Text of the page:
During the pre-credit sequence for Thunderball (1965), James Bond attends the funeral of S.P.E.C.T.R.E. operative Jacques Boitier (Bob Simmons, Rose Alba), connected with the murder of two MI6 agents. 007 discovers Boitier is still alive, disguised as his grieving window. Tracking Boitier to his chateau, Bond fights and kills him, then looks to make his escape across a rooftop. Chased by S.P.E.C.T.R.E. gunmen and with no way down, Bond utilises a Bell-Textron Jet Pack, a low power rocket propulsion device, to fly to his Aston Martin DB5 to make his escape.
Thunderball director Terence Young wanted to ensure 007’s gadgetry did not become a series of gags so the production searched for existing equipment to fold into Bond’s technological arsenal (the Skyhook that whisks Bond and Domino to safety at the end of the film is also based on real life tech). In 1959, the US army issued a contract to Bell Aerospace to develop a Rocket Belt. Shortly after Bell unveiled the flying machine, the Army deemed it too dangerous for use. The filmmakers believed that Q Department might disagree, seeing a use for the technology to help agents escape from a tight corner.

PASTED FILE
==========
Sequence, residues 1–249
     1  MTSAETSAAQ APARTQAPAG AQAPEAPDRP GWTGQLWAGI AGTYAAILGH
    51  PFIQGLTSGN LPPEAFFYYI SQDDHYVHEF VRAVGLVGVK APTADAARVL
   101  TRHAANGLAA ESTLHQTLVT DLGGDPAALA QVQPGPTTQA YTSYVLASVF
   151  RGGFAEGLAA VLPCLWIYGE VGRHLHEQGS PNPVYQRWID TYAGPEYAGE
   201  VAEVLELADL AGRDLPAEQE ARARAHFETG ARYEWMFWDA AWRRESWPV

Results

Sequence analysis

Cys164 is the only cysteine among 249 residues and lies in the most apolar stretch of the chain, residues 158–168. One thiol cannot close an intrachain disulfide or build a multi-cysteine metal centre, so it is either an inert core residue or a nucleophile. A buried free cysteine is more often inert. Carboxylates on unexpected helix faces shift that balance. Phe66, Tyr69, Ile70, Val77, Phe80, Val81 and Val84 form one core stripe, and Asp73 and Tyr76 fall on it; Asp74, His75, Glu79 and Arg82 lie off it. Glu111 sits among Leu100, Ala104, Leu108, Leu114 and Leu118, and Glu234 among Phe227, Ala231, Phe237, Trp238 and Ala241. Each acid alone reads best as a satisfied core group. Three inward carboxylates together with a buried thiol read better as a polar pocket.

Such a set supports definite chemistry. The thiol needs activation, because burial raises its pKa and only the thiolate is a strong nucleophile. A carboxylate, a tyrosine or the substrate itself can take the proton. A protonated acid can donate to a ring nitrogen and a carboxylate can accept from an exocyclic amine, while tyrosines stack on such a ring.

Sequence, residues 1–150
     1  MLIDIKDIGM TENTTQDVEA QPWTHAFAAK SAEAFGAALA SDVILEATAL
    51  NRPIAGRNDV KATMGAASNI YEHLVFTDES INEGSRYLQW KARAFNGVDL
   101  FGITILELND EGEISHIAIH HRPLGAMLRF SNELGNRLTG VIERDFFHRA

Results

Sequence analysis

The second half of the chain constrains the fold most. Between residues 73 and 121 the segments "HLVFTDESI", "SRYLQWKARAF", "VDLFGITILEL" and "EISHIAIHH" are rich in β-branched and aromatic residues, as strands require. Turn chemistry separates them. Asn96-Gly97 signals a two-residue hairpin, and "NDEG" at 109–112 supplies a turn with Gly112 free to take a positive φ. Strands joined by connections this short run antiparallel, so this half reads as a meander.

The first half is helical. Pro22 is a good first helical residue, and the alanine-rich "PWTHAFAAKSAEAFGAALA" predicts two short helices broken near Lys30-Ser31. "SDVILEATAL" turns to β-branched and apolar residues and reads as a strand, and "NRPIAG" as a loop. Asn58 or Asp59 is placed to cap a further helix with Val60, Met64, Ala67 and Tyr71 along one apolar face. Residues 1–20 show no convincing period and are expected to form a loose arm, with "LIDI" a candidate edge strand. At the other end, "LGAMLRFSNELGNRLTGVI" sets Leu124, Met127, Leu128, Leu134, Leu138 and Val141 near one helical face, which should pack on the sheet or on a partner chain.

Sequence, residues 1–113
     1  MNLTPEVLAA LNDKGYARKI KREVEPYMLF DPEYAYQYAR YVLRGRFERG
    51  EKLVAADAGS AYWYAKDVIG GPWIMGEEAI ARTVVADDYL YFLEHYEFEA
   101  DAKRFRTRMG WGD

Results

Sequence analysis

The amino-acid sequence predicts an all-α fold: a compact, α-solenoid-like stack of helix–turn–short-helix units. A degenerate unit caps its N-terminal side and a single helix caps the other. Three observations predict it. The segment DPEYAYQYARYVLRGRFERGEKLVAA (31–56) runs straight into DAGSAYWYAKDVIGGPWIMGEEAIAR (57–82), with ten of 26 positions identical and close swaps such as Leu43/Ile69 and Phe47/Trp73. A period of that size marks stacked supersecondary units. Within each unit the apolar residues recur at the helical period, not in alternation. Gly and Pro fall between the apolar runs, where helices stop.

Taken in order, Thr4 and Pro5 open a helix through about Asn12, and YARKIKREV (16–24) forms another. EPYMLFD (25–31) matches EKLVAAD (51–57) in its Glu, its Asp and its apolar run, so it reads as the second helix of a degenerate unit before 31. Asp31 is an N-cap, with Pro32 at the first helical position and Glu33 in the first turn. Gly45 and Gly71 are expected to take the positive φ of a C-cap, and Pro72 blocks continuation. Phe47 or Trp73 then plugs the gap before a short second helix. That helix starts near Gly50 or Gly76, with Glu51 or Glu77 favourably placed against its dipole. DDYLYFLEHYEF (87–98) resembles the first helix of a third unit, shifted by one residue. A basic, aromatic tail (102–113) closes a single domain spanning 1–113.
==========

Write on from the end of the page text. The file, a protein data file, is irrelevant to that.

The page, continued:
“Charlie Russhon (Technical Advisor) contacted Bell-Textron and had them demonstrate it to us,” recalled Production Designer Ken Adam. “It actually worked, and was very dangerous because you could only fly for 20 seconds, Then, you ran out of fuel and you had nothing. You had better land it before you ran out of fuel.”
The scene was shot on February 19 1965 at Chateau d’Anet west of Paris. The flight sequence combined close-ups of Sean Connery shot against a rear projection screen with long shots of a stuntman piloting the Jet Pack. To help Bond appear more debonair, the scene was envisaged with 007 not wearing a helmet. However, when stuntman Bill Suitor refused to perform the stunt without safety headgear, shots of Connery sporting a helmet were inserted later.
A beloved piece of James Bond gadgetry the Jet Pack makes a cameo in Die Another Day (2002) in Q’s storeroom in an abandoned London Underground facility.
See the Bell-Textron Jet Pack at the Bond In Motion exhibition at the London Film Museum. For more details, head to http://londonfilmmuseum.com